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The Riverfly Monitoring Initiative: an update

It was over six years ago that ZSL wrote an article in the GiGLer about the launch of the Riverfly Monitoring Initiative (RMI) Hub within London. The project has been busy ever since. In spring 2014 the first ZSL led training events were offered on the River Crane and the Hogsmill. Since then the scheme has expanded to include groups of citizen scientists on 16 rivers within Greater London…

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The Zooniverse of London Birds

The Zooniverse project to transcribe historic London Bird Records collected by the London Natural History Society (LNHS) was launched at the end of April 2018. The LNHS has been a long term partner of GiGL; they have been recording within a 20 mile radius from St. Paul’s Cathedral since 1958…

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River Citizen Scientists

I’m pleased to write that my article on ZSL’s European eel monitoring project for the GiGLer in December 2012 successfully attracted new partners and volunteers to the project. I’m hopeful this article might do the same for another citizen science project ZSL are initiating. But first, let me bring you up to date with the latest news from our eel monitoring in the Thames region.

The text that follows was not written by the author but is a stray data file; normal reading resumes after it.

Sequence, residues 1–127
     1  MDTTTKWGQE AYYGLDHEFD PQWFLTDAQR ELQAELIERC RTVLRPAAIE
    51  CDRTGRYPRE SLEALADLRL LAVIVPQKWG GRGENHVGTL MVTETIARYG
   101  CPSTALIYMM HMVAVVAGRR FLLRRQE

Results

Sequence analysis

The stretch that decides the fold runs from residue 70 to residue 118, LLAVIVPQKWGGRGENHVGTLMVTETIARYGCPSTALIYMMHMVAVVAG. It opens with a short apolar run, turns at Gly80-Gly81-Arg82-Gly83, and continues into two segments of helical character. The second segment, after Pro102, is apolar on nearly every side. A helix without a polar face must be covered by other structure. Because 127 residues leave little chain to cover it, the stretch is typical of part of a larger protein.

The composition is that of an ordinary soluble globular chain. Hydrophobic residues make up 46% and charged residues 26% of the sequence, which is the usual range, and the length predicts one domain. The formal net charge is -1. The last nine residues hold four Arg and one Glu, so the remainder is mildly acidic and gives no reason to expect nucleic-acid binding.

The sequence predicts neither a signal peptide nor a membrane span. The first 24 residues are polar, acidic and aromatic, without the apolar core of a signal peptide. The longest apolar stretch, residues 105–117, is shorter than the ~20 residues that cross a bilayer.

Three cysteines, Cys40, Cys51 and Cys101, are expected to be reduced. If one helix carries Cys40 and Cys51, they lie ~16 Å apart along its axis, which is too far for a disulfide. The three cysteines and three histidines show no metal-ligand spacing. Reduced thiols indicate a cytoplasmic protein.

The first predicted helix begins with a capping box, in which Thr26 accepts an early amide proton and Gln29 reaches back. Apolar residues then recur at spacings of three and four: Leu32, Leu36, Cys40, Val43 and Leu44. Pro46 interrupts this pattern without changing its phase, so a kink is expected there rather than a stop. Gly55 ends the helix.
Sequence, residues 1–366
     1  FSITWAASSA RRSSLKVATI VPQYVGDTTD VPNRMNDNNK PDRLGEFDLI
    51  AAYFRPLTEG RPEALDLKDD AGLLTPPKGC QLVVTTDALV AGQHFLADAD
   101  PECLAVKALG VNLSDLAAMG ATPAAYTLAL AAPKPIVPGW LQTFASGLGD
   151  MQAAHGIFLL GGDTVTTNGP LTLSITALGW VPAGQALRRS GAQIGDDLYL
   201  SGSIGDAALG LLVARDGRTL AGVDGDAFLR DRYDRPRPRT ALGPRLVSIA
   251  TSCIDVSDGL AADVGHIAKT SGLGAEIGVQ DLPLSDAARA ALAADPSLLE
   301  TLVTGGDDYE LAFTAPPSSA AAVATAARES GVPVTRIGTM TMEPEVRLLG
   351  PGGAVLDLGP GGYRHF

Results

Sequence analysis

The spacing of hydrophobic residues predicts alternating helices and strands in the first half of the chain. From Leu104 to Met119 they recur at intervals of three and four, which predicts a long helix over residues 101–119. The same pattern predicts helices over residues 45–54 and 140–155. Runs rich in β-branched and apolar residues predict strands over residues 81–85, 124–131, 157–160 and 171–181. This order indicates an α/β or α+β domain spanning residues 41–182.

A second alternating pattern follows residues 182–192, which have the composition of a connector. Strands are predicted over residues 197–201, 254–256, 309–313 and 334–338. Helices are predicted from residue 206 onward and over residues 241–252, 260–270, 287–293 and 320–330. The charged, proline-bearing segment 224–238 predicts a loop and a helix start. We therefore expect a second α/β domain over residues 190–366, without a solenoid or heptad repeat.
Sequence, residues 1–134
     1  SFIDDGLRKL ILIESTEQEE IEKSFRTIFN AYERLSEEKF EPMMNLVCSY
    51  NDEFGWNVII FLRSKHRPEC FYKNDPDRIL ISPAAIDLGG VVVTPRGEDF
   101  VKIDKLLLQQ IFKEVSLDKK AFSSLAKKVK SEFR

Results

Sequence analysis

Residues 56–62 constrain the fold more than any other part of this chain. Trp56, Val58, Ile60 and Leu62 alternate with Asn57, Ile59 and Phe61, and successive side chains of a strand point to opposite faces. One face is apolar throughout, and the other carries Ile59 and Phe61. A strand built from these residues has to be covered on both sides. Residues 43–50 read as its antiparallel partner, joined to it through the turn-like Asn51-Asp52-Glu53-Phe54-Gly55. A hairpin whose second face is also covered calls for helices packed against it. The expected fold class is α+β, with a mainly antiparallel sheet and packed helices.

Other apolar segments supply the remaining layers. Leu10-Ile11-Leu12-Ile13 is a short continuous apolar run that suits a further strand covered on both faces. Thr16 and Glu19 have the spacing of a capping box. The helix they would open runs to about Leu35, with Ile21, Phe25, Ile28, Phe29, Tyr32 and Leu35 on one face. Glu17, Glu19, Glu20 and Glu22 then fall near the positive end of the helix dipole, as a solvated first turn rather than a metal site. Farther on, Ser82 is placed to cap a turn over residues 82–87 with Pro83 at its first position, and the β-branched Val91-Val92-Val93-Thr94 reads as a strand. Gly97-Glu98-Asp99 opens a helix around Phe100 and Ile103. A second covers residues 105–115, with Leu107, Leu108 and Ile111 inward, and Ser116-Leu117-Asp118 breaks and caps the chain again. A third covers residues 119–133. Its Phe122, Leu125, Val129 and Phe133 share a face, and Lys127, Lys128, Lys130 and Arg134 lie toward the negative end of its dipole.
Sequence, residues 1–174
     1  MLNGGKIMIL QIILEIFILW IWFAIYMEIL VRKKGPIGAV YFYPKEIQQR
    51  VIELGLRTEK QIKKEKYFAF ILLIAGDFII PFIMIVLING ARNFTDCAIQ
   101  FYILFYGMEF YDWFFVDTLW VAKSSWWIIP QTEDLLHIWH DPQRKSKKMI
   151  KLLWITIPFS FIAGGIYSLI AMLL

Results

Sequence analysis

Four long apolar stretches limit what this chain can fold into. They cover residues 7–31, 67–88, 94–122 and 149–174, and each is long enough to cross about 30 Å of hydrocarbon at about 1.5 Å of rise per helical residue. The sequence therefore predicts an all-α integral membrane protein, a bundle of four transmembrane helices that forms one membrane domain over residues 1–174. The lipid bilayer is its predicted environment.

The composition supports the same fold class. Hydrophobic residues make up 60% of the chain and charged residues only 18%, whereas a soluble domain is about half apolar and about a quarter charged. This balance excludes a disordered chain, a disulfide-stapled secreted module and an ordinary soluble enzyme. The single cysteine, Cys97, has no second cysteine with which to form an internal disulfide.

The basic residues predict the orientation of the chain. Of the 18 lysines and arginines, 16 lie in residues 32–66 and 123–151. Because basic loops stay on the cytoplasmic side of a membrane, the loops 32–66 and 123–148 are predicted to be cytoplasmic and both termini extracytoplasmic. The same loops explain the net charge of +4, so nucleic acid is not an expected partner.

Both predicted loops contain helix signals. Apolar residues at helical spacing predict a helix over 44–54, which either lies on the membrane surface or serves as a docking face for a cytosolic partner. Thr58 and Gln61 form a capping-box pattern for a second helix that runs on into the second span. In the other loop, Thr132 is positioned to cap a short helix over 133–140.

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Citizen Science

Citizen science is not new. The Guide to Citizen Science (2012), a joint publication between the Biological Records Centre (part of the Centre for Ecology and Hydrology) and the Natural History Museum, highlights a long tradition of people contributing their free time and expertise to the discovery and understanding of British wildlife.

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Counting Sparrows

House sparrows are no longer ubiquitous. Both rural and urban populations in the UK have shown a severe decline. In London numbers fell by a shocking 68% between 1994 and 2000. The drop in numbers has been so dramatic that sparrows are now “red-listed” as a species of high conservation concern.

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Olympic Summer

London Wildlife Trust has been a ‘critical friend’ of London 2012 Games. For us to not have a voice in the largest urban park development in the UK for the last 150 years would be to the detriment of London’s wildlife. Our support was given on the proviso that there would be a net-gain in biodiversity as a result of the Games.

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